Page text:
Cycling Advocacy – More Bike Lanes Needed

I live in Kitchener-Waterloo in the northeast end of town and one of my biggest pet peeves about cycling infrastructure in this part of town is the lack of bike lanes or safe roads to cross Highway 85 to get across town. 

There’s been considerable improvement in bike paths and bike lanes in K-W in recent years.  However, whenever roads get repaved or rebuilt, I’m disappointed when I don’t see bike lanes added.

On the map below (from Google Maps), I’ve highlighted Highway 85 (a.k.a. Conestoga Parkway) and I’ve circled eight possible places to cross it.  Google Maps has an option to show dedicated bike lanes (solid green lines) and “bike friendly roads” (dashed green lines).

The first thing to note is that for the eight possible crossings of Highway 85, only one (#6, King Street at Conestoga Mall) has dedicated bike lanes.  This is great and there’s been a lot of construction in this area for the new LRT.  However, you’ll also notice that these lanes aren’t connected to anything.  To get there from the east end of Waterloo, you’d either have to ride through the mall (and it’s very busy parking lot), or ride up to Northfield, turn left onto King Street, ride towards the mall and eventually get a bike lane.

But I’m getting ahead of myself.  Here’s a summary of the Highway 85 crossings:

  1. Victoria Street, Kitchener.  No bike lanes, busy traffic, four lanes.  I drive this road frequently and I never see cyclists.  No surprise, given that cars move fast.  It’s a busy road for commuters between K-W and Guelph.
  2. Lancaster Street.  No bike lane. This road could easily have a bike lane.  It doesn’t have full ramps in all directions for the Highway and it doesn’t get too busy. Bike lanes would make sense.  Cyclists could link up with Union St., Breithaupt Park, the bike lane on Margaret Ave. and the Spur Line Trail.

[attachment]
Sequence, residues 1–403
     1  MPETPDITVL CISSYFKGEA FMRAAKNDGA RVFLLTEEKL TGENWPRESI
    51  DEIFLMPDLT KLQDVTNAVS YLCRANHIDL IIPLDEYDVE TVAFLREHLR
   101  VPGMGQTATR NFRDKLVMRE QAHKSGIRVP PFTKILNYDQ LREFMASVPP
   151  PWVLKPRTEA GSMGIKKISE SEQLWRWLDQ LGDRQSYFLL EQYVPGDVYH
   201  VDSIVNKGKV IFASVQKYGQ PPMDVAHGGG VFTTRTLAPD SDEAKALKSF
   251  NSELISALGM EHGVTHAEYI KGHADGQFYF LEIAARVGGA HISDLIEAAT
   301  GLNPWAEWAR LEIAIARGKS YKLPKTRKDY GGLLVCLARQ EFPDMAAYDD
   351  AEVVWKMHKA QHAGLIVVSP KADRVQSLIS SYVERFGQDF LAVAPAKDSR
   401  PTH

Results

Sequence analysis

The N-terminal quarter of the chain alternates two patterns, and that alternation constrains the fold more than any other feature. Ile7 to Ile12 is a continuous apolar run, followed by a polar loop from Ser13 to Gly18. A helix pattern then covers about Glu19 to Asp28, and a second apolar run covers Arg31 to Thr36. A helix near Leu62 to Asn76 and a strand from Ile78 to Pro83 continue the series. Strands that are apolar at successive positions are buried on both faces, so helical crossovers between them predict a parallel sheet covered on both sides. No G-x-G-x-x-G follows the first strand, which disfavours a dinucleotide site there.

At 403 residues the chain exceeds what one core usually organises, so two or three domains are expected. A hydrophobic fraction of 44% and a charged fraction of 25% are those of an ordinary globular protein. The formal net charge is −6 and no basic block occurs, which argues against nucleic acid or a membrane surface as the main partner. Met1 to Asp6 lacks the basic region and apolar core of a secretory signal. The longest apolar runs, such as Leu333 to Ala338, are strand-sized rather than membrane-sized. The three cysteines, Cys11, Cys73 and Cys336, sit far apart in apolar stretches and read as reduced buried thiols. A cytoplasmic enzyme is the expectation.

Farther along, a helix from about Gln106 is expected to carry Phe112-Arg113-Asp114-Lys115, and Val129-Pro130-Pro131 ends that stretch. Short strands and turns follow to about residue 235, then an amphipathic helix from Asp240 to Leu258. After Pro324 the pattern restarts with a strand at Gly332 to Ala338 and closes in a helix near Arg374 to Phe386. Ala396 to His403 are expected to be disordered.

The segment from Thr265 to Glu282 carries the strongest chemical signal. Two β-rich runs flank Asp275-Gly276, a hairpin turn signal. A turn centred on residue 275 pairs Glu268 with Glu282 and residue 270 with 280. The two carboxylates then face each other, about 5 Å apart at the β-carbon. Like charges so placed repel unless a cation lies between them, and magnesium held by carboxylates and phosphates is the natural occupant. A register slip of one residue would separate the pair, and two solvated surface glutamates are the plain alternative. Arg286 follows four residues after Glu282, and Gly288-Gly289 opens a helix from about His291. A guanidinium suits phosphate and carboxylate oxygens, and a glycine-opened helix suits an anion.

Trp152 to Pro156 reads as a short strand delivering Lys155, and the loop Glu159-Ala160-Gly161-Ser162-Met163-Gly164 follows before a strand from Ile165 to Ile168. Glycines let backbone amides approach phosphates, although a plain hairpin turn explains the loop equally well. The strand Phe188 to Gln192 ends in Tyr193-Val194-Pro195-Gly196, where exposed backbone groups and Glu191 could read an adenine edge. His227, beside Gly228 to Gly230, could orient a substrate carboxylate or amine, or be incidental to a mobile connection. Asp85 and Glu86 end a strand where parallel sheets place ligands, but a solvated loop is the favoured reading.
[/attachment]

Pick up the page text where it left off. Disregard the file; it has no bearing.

3. Bridgeport Rd.  No bike lane.  This is a busy interchange with the Highway with cars merging to and from the ramps.  Still a bike lane from the east to Bluevale St. or Margaret Ave. could at least get cyclist across the highway into quieter neighbourhoods.
  4. University Ave. No bike lane.  Another busy interchange but a bike lane would still be safer.  There’s bike lanes on University from Northfield to Bridge St.  Then the lane disappears until Lincoln on the other side of the highway.  This is a frequent route for me when I ride to the Hydrocut trails.  A bike lane would sure help here.
  5. Lexington Road.  No bike lane.  Great bike lanes exist on Lexington from University to Davenport, then disappear.  They reappear at King St.  I use this road a lot as well.  There are paths once you get across the Highway that are paved but you still need to get across the Highway.
  6. King Street at Conestoga Mall.  Bike lanes (see above).
  7. Northfield Drive.  They’ve recently re-opened this bridge and the ramps.  So I’ll reserve judgment until I see it more.
  8. King Street at the St. Jacob’s Farmer’s Market.  No bike lanes, and turning left from King St. to the outlet mall always seems risky on a bike.

map-crossing-85

I’m not a city planner and I know there are a lot of considerations when it comes to these kinds of things.  But it seems to me that bike lanes should be part of all resurfacing or rebuilding plans.  City planners seem to want to force cyclists onto certain roads, rather than make all roads (other than major highways of course) accessible by bikes.  They’re catering to cyclists who already ride these roads, rather than trying to get more people onto bicycles and out of cars.